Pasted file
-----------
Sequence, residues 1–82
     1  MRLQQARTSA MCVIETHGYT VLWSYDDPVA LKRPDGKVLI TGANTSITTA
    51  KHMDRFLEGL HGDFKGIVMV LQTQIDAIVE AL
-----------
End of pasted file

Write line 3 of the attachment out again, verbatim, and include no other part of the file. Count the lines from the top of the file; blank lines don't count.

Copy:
    51  KHMDRFLEGL HGDFKGIVMV LQTQIDAIVE AL